Homing in on the Homeless

Assessing the Physical Health of Homeless Adults in Los Angeles County Using an Original Method to Obtain Physical Examination Data in a Survey

Published in: Health Services Research, v. 31, no. 5, Dec. 1996, p. 533-549

Posted on RAND.org on January 01, 1996

by Lawrence C. Kleinman, Howard E. Freeman, Judith F. Perlman, Lillian Gelberg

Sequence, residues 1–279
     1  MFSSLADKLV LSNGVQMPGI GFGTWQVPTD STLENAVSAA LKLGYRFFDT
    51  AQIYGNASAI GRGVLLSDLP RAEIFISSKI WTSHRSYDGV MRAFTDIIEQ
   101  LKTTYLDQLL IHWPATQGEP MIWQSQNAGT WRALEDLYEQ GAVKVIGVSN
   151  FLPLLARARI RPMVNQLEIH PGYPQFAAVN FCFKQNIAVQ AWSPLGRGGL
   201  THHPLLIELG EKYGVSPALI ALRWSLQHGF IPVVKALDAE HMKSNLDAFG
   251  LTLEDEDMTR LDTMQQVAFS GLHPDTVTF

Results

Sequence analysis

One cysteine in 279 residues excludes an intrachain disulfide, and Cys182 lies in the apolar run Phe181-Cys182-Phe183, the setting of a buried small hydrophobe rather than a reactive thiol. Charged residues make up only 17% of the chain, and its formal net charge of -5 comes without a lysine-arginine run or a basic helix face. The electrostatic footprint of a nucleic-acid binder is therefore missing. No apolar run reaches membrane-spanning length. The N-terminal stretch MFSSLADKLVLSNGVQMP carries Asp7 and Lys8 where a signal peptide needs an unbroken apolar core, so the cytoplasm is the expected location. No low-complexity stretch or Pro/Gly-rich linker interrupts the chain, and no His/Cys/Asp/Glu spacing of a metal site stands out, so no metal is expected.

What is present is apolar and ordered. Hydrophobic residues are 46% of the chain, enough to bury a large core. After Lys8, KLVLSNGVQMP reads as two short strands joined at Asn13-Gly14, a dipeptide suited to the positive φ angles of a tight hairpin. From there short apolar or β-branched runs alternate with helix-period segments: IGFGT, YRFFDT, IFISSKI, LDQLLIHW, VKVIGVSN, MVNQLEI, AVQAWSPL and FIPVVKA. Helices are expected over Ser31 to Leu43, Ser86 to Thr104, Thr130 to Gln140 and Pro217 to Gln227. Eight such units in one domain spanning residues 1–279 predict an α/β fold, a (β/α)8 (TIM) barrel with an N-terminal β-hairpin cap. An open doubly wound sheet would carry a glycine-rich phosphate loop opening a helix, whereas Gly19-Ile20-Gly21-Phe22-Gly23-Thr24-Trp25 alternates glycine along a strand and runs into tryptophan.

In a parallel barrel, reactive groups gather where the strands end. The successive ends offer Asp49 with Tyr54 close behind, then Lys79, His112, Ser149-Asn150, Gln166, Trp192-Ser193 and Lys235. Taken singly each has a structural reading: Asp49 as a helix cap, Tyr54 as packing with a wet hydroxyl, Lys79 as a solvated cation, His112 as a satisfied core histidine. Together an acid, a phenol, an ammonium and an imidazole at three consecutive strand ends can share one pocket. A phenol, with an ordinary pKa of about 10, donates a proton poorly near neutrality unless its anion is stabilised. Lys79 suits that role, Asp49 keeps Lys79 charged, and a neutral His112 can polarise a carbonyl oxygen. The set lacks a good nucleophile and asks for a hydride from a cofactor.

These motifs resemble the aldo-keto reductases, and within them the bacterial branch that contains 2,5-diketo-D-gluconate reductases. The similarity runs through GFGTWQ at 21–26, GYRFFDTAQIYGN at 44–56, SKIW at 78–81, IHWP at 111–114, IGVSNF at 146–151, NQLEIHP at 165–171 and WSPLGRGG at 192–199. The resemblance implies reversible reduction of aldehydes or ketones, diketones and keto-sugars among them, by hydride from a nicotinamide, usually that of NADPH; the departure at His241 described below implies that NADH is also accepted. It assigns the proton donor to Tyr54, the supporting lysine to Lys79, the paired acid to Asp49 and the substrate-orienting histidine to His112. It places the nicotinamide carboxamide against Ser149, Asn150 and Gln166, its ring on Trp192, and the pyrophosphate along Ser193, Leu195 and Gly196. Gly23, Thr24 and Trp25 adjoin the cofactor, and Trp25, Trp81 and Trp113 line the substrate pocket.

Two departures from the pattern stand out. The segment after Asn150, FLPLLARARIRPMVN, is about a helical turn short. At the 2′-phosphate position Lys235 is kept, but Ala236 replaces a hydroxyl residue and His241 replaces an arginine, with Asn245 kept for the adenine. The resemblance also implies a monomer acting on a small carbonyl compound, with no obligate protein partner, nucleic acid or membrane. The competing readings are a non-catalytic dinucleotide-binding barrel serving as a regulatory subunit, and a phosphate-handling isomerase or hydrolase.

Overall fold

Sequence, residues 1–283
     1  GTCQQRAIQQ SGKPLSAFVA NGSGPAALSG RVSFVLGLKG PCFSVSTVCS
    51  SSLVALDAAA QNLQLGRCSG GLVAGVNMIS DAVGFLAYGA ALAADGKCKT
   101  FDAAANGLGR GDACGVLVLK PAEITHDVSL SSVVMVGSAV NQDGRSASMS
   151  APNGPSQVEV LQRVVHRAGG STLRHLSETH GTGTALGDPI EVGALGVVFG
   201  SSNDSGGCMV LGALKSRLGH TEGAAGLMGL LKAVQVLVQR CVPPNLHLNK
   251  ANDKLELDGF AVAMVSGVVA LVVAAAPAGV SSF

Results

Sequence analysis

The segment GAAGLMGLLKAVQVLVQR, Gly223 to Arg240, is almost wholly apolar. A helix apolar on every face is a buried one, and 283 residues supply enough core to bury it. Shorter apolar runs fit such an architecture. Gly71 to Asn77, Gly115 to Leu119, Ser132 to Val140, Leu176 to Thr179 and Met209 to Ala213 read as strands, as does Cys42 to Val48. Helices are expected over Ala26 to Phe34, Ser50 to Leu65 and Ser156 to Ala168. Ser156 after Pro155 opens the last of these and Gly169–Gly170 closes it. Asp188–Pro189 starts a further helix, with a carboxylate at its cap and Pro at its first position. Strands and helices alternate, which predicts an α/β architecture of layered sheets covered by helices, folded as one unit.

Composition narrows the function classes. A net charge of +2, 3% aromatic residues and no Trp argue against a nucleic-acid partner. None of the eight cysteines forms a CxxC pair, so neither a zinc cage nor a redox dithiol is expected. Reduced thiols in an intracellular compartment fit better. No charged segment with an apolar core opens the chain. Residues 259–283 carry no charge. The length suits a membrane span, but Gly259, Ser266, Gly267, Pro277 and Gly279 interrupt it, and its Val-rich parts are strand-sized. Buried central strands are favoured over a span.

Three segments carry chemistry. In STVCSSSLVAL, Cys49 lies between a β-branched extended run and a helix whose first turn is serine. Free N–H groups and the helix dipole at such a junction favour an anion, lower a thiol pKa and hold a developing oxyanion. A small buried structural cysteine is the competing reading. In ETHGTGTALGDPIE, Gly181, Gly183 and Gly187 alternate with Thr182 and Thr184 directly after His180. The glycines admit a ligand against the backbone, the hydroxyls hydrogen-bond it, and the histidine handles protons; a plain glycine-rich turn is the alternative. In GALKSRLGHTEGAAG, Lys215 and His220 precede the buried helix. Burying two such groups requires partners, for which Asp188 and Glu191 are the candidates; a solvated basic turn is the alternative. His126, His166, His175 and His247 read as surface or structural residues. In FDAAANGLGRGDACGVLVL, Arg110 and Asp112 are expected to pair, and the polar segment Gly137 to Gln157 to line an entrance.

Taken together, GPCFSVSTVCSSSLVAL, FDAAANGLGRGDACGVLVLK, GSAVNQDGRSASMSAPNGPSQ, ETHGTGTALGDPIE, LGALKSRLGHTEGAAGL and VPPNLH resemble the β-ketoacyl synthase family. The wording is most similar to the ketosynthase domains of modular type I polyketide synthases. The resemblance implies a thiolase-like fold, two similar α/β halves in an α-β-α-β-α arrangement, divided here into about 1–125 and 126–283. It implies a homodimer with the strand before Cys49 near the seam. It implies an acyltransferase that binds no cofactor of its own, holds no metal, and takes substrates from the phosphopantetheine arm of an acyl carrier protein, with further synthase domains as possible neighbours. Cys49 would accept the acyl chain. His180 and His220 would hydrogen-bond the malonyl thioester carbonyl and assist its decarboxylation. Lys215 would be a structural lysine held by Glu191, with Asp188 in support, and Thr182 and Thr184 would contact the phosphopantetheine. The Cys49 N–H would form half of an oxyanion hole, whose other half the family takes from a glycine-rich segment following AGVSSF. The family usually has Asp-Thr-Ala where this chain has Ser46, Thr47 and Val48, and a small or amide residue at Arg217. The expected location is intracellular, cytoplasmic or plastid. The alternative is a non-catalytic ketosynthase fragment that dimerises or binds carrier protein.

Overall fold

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Public policy that decreases the funding for social services may combine with the ascendancy of corporate managed care to increase the health care deficit. Assessing the health impact of these policy changes on various populations is a fundamental challenge for health services research. Disadvantaged populations, such as the homeless, are likely to be affected disproportionately. Research quality data on the physical health of such populations are difficult and expensive to obtain. In particular, physical examination data have not been available and self-reports are insufficient. The authors' objective was to develop and utilize a structured physical exam system enabling lay survey researchers to report reliably physical findings related to six tracer conditions in a disadvantaged population. They found that researchers can use laypersons to collect reliable and valid physical exam data on disadvantaged populations. This represents a new tool for assessing and monitoring the health of these populations.

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